In May 2018, General Data Protection Regulation - a set of laws that govern data protection, privacy and security - will come into force across the European Union. Guidelines will be breached left and right, billions will be spent on fines, the rule of law itself will be questioned, and hordes of freshly unemployed marketing professionals will wander the desolate digital landscape - I might be overreacting, but more than half of businesses affected by GDPR will not be ready to comply with its requirements (Gartner).

In the beginning

European Parliament Strasbourg dumpster fire
European Parliament and GDPR – European Parliament/DCD

Way back in 2012 when the legal documents were first drafted, the world was a different place: it was less reliant on databases, and an average business did not have to worry about being raided by cyber criminals - since it had no valuable information to steal. In a rush to replace the previous EU directive on personal data, adopted way back in 1995, the lawmakers created a complex, all-encompassing framework. Revelations about the extent of American spying that surfaced in 2013 (thanks, Edward) did nothing to soften the stance of the EU.

As a result, GDPR includes strict rules on what ‘consent’ means; it calls for re-evaluation of privacy policies and asks for anonymization of data, even when used for testing. It introduces the controversial ‘right to erasure’ - a mechanism through which citizens can take down online content - and demands that service providers report a security breach that affects customer data within 72 hours of discovery.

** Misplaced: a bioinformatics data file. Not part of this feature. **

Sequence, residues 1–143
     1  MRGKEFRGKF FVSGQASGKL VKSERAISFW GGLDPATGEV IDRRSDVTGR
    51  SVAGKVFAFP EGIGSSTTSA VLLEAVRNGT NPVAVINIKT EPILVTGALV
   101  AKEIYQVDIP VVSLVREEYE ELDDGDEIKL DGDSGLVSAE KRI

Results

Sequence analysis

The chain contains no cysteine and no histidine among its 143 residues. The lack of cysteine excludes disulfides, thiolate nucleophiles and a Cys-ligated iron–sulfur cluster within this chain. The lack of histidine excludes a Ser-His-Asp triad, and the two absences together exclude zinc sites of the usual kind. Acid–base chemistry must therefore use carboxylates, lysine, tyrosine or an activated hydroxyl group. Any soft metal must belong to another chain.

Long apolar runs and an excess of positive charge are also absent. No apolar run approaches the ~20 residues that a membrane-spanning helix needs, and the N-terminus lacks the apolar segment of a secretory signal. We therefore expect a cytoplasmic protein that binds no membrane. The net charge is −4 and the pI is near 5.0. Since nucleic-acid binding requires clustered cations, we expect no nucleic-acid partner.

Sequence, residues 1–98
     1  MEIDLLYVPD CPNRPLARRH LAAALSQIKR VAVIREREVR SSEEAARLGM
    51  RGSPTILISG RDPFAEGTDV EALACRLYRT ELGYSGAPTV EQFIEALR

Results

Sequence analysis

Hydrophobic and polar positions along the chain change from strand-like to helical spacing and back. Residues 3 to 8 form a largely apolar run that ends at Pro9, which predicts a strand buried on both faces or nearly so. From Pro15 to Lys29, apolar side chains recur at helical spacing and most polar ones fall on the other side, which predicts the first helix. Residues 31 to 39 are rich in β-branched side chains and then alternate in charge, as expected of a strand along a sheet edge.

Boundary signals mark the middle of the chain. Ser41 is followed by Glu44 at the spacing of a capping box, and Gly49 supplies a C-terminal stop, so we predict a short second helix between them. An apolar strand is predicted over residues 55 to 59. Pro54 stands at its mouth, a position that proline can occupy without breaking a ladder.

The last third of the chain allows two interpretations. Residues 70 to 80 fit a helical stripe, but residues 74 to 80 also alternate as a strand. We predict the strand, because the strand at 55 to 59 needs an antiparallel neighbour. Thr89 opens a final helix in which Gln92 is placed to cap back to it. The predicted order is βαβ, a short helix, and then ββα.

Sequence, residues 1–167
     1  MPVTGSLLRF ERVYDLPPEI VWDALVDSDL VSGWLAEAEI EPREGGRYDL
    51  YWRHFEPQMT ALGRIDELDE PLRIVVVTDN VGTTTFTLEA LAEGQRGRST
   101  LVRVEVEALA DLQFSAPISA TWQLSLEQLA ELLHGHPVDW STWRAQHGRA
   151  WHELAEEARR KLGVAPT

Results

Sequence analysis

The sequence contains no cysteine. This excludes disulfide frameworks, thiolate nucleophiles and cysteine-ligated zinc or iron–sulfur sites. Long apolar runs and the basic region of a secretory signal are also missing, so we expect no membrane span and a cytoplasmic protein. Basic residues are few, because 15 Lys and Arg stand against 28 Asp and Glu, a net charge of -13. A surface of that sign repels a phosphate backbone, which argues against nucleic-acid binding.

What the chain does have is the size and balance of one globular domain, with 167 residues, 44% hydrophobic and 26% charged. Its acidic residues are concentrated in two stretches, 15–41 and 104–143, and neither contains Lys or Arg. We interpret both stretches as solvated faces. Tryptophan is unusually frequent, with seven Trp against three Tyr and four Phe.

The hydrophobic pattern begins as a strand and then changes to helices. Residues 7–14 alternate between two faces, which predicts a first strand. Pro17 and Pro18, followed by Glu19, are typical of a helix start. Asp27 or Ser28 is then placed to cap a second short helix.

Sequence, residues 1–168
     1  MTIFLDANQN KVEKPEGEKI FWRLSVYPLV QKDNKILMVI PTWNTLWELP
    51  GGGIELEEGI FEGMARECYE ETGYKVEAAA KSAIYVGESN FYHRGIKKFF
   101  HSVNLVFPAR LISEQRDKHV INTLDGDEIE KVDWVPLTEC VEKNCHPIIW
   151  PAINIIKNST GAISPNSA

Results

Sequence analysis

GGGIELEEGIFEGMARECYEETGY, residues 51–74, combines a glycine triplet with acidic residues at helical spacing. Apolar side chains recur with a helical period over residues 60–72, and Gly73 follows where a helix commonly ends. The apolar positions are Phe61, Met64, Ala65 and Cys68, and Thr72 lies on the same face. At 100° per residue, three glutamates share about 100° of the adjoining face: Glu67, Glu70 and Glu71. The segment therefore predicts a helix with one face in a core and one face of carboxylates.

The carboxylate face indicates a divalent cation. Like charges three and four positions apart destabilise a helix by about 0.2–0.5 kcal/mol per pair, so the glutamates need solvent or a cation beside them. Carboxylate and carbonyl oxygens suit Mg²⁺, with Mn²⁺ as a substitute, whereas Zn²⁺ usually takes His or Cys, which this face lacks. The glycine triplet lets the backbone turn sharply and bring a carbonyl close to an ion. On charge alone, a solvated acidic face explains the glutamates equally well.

Any customer will gain the right to request all data about themselves that’s being held by a business, to be supplied within a month. The entire process of handling personal data will need to be thoroughly documented. In addition, businesses that process such data on a large scale will need to appoint a data protection officer - presumably, the first person to be fired when things go south.

Personal data in this context can constitute anything: a name, an address or an email. There is no place to hide, since GDPR automatically supersedes various national laws, and the fines will leave the financial department in tears: up to four percent of the worldwide annual turnover.

Fire starters

GDPR is the burning wrath of the European Commission, a merciless crusade borne out of desire to keep 28 countries true to the vision of respect for the individual and their rights. But there’s a problem: it is 2017, and every business is a digital business. Everyone and their uncle maintains a database of customer engagements, and each of those is subject to GDPR.

Luckily, the text makes a clear distinction between data ‘controllers’ and ‘processors’ - with colocation and cloud providers falling into the second category, and not having to worry about most aspects of GDPR, other than security.

But come 2018, we will see thousands of instances of non-compliance across enterprise data centers, every week, across every European member state. Local information commissioners will need to recruit an army to deal with this avalanche. And that, in a way, is a comforting thought: when half of those subject to GDPR fail to comply, your own business is insignificant, a grain of sand on a massive online beach. Statistically speaking, you will probably be alright.

This opinion appeared in the October/November issue of DCD Magazine. Subscribe to the digital and print editions here: